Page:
14. It is the Society’s view that current problems with setting and marking examinations and fixing thresholds will not be solved by reducing the number of awarding bodies. Other solutions need to be sought. An extensive discussion of these difficult issues can be found in a recent report from QCA.2

15. Current problems with accuracy in setting papers may have come about partly as a result of the wish of the awarding bodies to streamline their operations and so improve efficiency (ie not educationally driven); this has resulted in some cases in dispensing with what has subsequently turned out to be essential proof reading checks. In our view current mechanisms to ensure the accuracy of papers are not as effective as they could be.

16. Marking of examination papers in mathematics is moving towards on-line marking. The Society recommends a review of this process as there is little evidence currently that this development has improved accuracy (or validity) in marking scripts.

17. Currently all GCSE Mathematics specifications are required to conform to the pattern of two tiers only. Additionally, there has to be an overlap of C grade in the two tiers so that all candidates are being assessed in a tier where a C grade is possible. This has three negative effects:

(i)there are a significant number (well over a quarter) of candidates for whom a C grade is likely to be always beyond reach. Forcing such candidates to sit a paper in which some if not most of the paper is inaccessible cannot be a positive experience;

(ii)there are, likewise, a significant number of candidates who will obtain A or A* grades (about one sixth). For them being made to sit papers in which a proportion of the work is possibly trivial is also not helpful to the process of differentiating ability; and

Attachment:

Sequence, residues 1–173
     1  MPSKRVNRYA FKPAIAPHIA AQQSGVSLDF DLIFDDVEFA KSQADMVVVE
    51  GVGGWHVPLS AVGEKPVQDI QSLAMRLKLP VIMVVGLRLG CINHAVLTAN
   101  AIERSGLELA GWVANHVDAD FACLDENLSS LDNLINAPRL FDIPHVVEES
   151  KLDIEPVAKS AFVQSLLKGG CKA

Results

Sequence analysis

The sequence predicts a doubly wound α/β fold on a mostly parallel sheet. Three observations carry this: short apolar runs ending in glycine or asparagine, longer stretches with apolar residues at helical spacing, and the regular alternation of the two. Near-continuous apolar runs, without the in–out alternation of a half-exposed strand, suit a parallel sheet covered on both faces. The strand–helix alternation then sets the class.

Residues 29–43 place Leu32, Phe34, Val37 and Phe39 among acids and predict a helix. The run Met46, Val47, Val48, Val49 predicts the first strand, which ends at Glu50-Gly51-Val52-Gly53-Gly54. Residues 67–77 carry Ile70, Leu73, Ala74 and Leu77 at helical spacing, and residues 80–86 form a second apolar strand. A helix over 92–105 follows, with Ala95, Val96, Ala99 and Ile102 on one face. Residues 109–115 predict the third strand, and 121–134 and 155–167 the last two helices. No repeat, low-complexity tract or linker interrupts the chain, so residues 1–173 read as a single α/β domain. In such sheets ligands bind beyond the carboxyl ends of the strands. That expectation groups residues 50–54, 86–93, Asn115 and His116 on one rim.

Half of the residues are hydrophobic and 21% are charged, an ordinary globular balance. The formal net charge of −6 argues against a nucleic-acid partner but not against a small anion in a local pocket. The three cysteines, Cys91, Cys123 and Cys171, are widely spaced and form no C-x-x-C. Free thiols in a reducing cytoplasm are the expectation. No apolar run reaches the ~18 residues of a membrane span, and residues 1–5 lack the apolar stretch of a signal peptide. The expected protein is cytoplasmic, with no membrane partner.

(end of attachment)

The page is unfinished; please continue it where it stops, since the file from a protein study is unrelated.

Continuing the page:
(iii)the result of having to offer five grades at each tier means that a potential C grade candidate cannot access a large proportion of the papers. For example, currently, at the higher tier (with grades A*, A, B, C and D), 50% of the marks have to be available to grade C candidates, but this causes a reduction in the amount of differentiation for the most able within a tier. This can only be resolved by allowing Awarding Bodies to develop specifications which are not constrained by the need for all subjects to conform to the same rules.

18. There are other issues which the Society would like to draw to the attention of the consultation committee, loosely connected to the question. Mathematics, and within this, statistics, forms part of the National Curriculum and is taken by all pupils up to age 16. The unique nature of the subject needs to be recognised and understood.